Windhoek — The Bank of Namibia (BoN) yesterday announced that a certificate of authorisation to establish a banking institution in Namibia was granted to the much-anticipated Small and Medium Size Enterprises Bank Limited, better known as the SME Bank, with effect from November 30, 2012.
The go-ahead by BoN means that the SME Bank is now legally permitted to conduct banking business with any person in Namibia. The opening of the bank was initially delayed by outstanding regulatory and shareholding structure requirements that BoN had asked government to establish before granting the bank its licence.
The outstanding requirements involved addressing the needs of SME financing, while the shareholding structure and quality of nominated directors also delayed BON's licensing approval.
Now that BoN has finally given its blessing and the necessary authorisation, the SME Bank is expected to comprise of a commercial division that will take commercial deposits and grant loans that will require collateral, while the other section of the bank, funded through government, will grant loans without collateral.
In order to sustain the operations of the bank, the commercial division is expected to plough back between 10 and 20 percent of its annual profits. Once operational, the SME Bank will give out collateral-free loans from as little as N$3 000 up to N$150 000. Although the bank will operate as a fully-licensed commercial bank, its main aim is to provide access to finance for businesses owned by those previously disadvantaged and who fail to obtain loans from other commercial banks due to the lack of collateral.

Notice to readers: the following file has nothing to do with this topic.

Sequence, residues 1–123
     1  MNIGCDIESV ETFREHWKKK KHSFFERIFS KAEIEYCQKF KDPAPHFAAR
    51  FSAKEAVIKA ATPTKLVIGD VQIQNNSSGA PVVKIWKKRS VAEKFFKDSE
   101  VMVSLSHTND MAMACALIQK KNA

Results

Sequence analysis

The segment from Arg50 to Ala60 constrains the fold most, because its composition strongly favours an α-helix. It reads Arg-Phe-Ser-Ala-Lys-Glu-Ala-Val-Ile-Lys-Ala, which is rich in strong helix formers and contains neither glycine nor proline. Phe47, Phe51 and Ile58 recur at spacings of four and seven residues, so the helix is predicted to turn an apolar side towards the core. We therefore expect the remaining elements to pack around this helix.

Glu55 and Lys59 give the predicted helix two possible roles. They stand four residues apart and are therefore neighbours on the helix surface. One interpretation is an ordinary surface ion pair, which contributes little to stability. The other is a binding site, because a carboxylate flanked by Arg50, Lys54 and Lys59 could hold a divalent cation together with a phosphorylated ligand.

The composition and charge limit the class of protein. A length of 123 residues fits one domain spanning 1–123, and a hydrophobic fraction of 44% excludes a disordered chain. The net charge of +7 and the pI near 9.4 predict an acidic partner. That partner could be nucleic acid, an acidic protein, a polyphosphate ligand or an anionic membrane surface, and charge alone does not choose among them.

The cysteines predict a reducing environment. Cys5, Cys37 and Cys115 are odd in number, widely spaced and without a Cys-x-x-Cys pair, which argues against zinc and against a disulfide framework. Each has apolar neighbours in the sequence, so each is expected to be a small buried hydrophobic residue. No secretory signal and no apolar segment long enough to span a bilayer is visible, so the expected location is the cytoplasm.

Speaking at the ground-breaking ceremony for the SME Bank earlier this year, Trade and Industry Minister, Hage Geingob, said the bank would appoint advisors for each and every project who will continuously monitor and advise those involved in the projects to ensure their success.
"The bank will not ask for any security, as the projects themselves become security to the SME Bank. It will ensure that the projects are feasible through project monitoring," said Geingob.